The DC sniper’s ex-wife warned of his violence. Nobody listened.

You still don’t hear them.

And that infuriates Mildred Muhammad. Because media reports of the 20th anniversary of her ex-husband’s killing spree, the terror and drama of an entire region taking cover in supermarket parking lots, schools canceling outdoor breaks, are forcing her to relive her own personal nightmare, of the no one talks about how it all started.

“It was a domestic violence and child custody issue,” said the woman, who escaped to become the final victim as this horrific killing spree grew ever closer.

Mostly Mildred Muhammad and the broken-up, abusive marriage she escaped from are forgotten in the retelling of how John Muhammad and Lee Boyd Malvo killed 10 innocent people.

“You would be more likely to believe that these were just two black men in a car killing innocent people to get the government to put $10 million on a stolen credit card,” Mildred Muhammad said.

This is the conspiracy we heard in court and the way history keeps telling it.

“You don’t want to hear that a man would do all that just to kill his ex-wife to get custody of his children,” Mildred Muhammad said.

“I’ll Kill You”: The Link Between Mass Shooters and Domestic Violence

But before his ex-wife finally got custody of their three children – after years of abuse after local Washington state police failed to enforce a judge’s restraining order after people who knew the couple didn’t believe her when she did tried to tell them about the abuse after kidnapping the children to Antigua for 18 months – John Muhammad laid it all open to her, telling her exactly what his revenge would be like. Someday.

“He said, ‘You have become my enemy, and as my enemy I will kill you,'” she said. “I knew that one day he would shoot me in the head and bury me where no one could find me.”

Knowing all this, she eventually fled across the country with the children to be near her mother in Maryland. It was far, but she knew she was never safe.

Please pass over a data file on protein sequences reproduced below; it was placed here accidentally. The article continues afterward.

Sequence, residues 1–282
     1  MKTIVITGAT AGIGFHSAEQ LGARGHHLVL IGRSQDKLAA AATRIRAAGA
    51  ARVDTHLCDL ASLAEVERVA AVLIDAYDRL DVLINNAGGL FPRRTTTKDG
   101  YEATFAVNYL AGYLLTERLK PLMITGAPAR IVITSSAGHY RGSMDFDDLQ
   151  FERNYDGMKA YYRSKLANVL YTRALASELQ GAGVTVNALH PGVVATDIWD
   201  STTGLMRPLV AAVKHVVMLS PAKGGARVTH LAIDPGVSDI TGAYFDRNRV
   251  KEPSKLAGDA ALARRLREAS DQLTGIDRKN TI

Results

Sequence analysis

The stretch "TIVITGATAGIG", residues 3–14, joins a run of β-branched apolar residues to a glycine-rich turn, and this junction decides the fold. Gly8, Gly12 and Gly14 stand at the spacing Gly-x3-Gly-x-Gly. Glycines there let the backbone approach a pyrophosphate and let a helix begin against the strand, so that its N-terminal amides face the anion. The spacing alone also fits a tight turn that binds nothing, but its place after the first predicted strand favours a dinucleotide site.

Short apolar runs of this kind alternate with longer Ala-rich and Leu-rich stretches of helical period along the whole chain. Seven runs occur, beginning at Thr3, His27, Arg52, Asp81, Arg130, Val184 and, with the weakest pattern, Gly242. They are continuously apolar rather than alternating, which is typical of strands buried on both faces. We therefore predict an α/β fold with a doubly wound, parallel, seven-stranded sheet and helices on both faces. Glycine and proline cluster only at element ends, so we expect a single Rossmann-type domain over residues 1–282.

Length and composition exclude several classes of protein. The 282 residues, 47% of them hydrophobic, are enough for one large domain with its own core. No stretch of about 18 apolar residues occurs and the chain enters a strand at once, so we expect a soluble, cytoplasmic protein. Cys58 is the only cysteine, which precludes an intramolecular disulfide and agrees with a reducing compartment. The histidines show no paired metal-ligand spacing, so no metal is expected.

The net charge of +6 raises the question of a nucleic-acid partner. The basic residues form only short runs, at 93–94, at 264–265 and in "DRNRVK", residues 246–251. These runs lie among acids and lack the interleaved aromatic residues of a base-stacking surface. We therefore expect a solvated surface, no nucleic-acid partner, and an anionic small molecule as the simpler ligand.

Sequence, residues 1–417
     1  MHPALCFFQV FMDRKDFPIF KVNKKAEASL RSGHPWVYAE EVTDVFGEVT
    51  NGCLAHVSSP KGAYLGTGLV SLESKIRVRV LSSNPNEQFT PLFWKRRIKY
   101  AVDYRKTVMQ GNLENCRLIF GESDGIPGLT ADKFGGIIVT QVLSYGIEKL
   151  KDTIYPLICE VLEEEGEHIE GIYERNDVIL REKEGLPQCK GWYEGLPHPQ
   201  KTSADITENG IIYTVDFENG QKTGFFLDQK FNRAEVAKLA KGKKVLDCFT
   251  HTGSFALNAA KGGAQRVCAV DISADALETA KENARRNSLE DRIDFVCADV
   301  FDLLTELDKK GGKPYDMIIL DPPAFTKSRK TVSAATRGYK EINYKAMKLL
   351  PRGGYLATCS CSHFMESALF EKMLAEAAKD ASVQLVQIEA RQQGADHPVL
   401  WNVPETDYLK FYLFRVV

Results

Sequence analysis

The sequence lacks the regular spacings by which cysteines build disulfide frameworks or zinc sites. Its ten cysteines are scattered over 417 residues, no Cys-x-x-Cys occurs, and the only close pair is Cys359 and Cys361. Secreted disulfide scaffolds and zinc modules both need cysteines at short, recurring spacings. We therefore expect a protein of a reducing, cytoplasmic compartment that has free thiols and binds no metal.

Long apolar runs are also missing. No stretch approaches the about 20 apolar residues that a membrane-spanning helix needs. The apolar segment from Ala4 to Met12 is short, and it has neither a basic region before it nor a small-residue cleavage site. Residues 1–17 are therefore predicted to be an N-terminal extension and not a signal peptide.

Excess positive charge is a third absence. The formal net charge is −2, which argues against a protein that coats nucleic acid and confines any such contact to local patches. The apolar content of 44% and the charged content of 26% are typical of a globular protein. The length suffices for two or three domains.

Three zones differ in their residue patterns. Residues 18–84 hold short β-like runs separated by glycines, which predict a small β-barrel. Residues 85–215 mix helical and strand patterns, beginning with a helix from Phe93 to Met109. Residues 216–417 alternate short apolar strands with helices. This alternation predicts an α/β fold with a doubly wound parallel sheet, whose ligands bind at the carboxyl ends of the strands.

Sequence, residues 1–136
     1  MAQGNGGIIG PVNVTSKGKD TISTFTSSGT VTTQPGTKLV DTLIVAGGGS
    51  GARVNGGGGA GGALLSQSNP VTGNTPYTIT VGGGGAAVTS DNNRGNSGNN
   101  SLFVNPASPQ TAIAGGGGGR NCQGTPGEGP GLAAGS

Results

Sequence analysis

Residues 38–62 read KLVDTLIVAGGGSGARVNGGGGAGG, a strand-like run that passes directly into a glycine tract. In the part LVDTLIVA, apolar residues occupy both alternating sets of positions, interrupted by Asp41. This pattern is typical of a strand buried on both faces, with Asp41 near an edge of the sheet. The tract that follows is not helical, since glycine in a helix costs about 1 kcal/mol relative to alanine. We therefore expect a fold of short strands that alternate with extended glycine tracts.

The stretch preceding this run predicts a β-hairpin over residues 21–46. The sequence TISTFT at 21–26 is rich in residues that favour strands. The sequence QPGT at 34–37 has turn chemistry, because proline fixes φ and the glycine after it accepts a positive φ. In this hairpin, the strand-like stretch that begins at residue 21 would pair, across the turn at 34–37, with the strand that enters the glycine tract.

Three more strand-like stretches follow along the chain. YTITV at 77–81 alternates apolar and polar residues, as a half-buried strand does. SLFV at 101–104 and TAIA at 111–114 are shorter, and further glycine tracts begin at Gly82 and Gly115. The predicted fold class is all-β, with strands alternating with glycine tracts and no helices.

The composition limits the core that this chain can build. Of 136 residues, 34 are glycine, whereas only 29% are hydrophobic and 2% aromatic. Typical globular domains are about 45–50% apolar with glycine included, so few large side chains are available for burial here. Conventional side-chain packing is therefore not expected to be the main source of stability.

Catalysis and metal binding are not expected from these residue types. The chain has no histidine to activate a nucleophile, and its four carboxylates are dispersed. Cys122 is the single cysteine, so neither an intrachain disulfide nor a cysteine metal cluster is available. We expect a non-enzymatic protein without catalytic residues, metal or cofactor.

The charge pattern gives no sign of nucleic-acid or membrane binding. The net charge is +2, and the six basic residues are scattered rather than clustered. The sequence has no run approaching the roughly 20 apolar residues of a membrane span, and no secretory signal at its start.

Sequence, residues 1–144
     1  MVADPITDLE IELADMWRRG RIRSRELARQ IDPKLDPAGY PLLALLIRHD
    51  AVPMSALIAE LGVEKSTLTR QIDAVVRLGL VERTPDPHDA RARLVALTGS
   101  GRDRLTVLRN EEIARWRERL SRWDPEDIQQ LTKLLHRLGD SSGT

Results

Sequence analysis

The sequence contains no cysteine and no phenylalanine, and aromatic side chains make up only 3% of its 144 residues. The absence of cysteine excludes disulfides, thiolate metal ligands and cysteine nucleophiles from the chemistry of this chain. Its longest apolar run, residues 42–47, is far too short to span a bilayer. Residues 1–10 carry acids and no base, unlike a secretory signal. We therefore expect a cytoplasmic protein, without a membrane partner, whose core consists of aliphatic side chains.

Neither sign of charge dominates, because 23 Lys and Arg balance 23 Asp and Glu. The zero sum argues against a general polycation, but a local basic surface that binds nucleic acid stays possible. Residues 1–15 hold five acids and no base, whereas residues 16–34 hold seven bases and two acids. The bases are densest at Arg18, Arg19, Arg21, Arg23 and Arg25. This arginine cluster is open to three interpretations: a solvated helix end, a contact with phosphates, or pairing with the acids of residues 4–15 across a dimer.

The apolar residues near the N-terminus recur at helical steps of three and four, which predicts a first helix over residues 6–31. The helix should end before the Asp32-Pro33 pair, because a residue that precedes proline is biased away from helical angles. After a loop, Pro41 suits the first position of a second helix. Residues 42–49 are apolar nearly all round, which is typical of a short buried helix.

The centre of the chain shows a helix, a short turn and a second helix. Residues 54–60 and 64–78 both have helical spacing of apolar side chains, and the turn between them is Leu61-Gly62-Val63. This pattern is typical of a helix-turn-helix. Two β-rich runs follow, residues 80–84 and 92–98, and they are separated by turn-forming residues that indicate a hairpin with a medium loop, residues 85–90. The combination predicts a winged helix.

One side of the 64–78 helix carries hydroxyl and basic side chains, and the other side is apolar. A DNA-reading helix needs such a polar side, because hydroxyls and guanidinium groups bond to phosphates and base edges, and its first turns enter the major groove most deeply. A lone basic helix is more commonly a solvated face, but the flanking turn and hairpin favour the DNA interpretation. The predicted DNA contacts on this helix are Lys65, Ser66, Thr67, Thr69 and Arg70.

In week 3 of that sniping tour 20 years ago, when the detectives finally put everything together, came to her door and took her away to put her out of the way, she remembered what else he had told her.

“They asked if I thought he could do something like that,” she said, “and I said, ‘Yes.’ I remembered him saying to me once, ‘You know, I could take over a small town, terrorize them and they’d think it was a group of people, but it was just me.’”

She and her three children survived. And she made it mission to make the world wake up and see this giant red flag that keeps waving in our faces before too many of our bloodiest tragedies.

I spoke to Mildred about her work five years ago when she was busy connecting the dots between intimate partner violence and mass shootings with an audience that has the power to make a difference.

Because in these mass shootings, one feels for the motive of the shooter: mental illness? Racism? Religion? Politics?

Once in a while. But what most cases have in common – long before online manifestos – is the abuse of their intimate partners, from the 1984 gunman who killed 21 people at a California McDonald’s to the 2017 killer of 49 people at Orlando’s Pulse nightclub.

It’s in the stories of 70 percent of the mass shooters studied in a recent study at Johns Hopkins University Report.

And the prevalence of intimate partner violence is persistently high. About 1 in 4 women and almost 1 in 10 men have experienced it such abuse – physical, mental or both – during their lifetime, according to Counting from the Centers for Disease Control and Prevention. The numbers are particularly high for black women, who are 2½ times more likely to be killed than white women, and 90 percent of black victims knew their killer, according to a Violence Policy Center to learn from CDC numbers. Social scientists expect these numbers to have surged even higher during the pandemic.

“Domestic violence has become a global epidemic thanks to the pandemic,” said Mildred Muhammad.

Going to work has long been the only respite for women in abusive relationships. But when office workers started teleworking, victims fell into the trap. A recent UN report dubbed it the “shadow pandemic.”

Muhammad immediately noticed the uptick in her networks and she quickly wrote another book, “Being abused while teleworking” filled with tips for employers on how to spot abuse behind the Zoom calls, and for victims on how to survive — and escape.

And she continues her work, speaking at military bases, to prosecutors and police officers, reminding them that the perpetrator they are stopping could be a mass shooting, which they are preventing.

“The people he killed from the West Coast to the East Coast would still be alive,” she said, “if they believed me. It all starts with believing women.”

We continue to treat domestic violence as a private matter, something that happens behind closed doors and is none of our business.

But those terrifying three weeks in October have shown us how the violence is accelerating unchecked. That’s the moral of the DC sniper story and the part Mildred Muhammad wants us to remember.

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